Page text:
And then there is cricket. The Pakistan team has travelled across the border to play against India after seven years. When the brilliant and gifted captain Babar Azam told Pakistani reporters that he was looking forward to playing here, that “most of our matches are sold out, which means Indian fans are eager to see up and support us in the stadiums,” social media went into a frenzy. The team was received warmly when they landed in Hyderabad a couple of weeks ago. Indian fans cheered Pakistan in its [warm-up] match against Australia earlier this week – Pakistan lost by 14 runs and a few balls to spare.
Nobody knows – and yet, everyone knows – why Pakistani fans have not been given visas for the ongoing World Cup tournament in India
Virat Kohli is a hero in Pakistan, much like the now-retired cricketer Mahendra Singh Dhoni, when he starred in the last bilateral series between these two sides on Pakistani soil in 2006 – even Musharraf referred to Dhoni’s long hair during a match in Pakistan and the fact he had become a household name. Indian fans have never forgotten how Pakistani shopkeepers and ordinary people greeted them with real warmth, many refusing to accept money for the shopping they did.
An earlier tour by India of Pakistan in 2003 was, of course, made possible by none other than then prime minister Atal Behari Vajpayee, whose determined peace moves -- despite the fact that he was thwarted again and again by the Kargil conflict and continuing infiltration by terrorists – resulted in a significant opening up of the borders.
That warmth has survived the generations. Last month in Sri Lanka, Pakistani cricketer Shaheen Afridi’s gift to Indian cricketer Jasprit Bumrah on becoming a father had both countries guessing – what was inside that box wrapped in red paper? But there was nothing to beat the real joy on the faces of Indian and Pakistani women cricketers in 2022 when they crowded around the Pakistani skipper Bismah Maroof's newborn baby.
It seems India is the favourite to win this 50-over match in Ahmedabad – in any case, Pakistan has never beaten India in World Cup one-day internationals, although they have played seven times – Pakistan has fared much better in other, non-World Cup one-dayers (beating India 73-56) and Test matches (12-9).
There are rumours that Narendra Modi will fly in from Delhi to watch the match. However, some have expressed concerns that communal tensions could surcharge the city if Pakistan wins the match. It is a thought that surfaces now and then – although that would undermine the reputed control that Modi and BJP's government in Gujarat has over its people. The riots of 2002, in which about a thousand people were killed, mostly Muslim, is a largely suppressed memory.
In any case, the BJP pretty much also controls cricket officialdom – the all-powerful Board of Cricket Control of India (BCCI), which makes the rules for this highly lucrative sport. Jay Shah, the Board's powerful secretary-general, is the son of India’s home minister Amit Shah.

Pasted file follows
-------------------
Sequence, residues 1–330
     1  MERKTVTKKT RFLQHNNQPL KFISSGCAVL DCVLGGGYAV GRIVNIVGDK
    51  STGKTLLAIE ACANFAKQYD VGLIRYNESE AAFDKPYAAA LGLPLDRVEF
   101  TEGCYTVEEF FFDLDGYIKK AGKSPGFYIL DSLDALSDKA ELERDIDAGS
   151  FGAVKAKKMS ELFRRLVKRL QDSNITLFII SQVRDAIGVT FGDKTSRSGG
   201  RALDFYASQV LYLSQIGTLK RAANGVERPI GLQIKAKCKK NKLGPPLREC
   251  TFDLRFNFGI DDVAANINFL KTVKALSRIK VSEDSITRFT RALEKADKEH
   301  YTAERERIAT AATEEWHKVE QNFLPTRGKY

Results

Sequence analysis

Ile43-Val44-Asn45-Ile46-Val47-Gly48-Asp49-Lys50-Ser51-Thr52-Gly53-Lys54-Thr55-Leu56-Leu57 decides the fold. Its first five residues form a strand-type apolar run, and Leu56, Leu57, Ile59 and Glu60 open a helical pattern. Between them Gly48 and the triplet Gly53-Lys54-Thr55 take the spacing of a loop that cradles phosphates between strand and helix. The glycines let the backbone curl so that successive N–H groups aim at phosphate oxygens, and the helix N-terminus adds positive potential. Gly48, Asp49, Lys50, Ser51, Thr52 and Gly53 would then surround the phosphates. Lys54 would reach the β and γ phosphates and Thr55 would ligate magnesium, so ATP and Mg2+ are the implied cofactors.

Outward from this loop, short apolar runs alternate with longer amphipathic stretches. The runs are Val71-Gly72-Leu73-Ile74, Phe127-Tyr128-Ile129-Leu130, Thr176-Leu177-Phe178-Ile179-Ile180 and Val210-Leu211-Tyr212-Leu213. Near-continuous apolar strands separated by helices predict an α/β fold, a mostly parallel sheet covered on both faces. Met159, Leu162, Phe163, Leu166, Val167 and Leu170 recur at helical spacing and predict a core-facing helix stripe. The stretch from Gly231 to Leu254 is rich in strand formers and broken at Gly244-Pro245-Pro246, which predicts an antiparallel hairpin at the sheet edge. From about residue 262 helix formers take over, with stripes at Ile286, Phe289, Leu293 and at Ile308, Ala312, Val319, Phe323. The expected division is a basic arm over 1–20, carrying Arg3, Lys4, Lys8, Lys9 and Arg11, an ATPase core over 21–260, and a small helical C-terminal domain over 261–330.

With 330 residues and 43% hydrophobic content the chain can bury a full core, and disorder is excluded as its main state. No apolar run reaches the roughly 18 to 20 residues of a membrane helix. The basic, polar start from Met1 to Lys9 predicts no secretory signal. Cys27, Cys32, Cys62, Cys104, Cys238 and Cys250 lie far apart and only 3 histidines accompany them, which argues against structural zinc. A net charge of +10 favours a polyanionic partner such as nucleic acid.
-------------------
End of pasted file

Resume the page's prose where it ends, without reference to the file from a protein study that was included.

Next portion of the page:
Nobody knows – and yet, everyone knows – why Pakistani fans have not been given visas for the ongoing World Cup tournament in India.
Certainly, cricket is being used as a weapon by the Narendra Modi government to drive popularity home in an election year. Commentators are calling it Modi’s “Cricket20” moment, referring to the recent G20 jamboree when leaders of the world’s 20 largest economies showed up in Delhi to applaud Modi and India. When Australian Prime Minister Anthony Albanese came to India a few months ago, he was taken around the Narendra Modi Stadium with Modi standing next to him on a chariot.
So what happens when you have a very strong Indian team, coupled with the overhang of historic rivalry? The ensuing, raging demand has sent airline tickets, match tickets and hotel accommodation rates through the roof in Ahmedabad – match tickets were sold out in the first hour they were put online, and resales are the price of a small holiday abroad. Fans are believed to be checking into hospitals near the stadium because hotels are either taken or too expensive. The number of private jets expected to fly into Ahmedabad to attend the match has crossed 200. Clearly, the social scene has moved out of Delhi and Mumbai this weekend.
For the next 24 hours, nothing else will matter in India or Pakistan. With 132,000 seats, the world’s largest cricket stadium, the Narendra Modi Stadium in Ahmedabad, will be packed to the gills. At least half a billion people are expected to watch the match online. (I will be there, so watch this space.)
This is not just cricket. The joy spilleth over.
NOTE: This article has been published in collaboration with Awaaz South Asia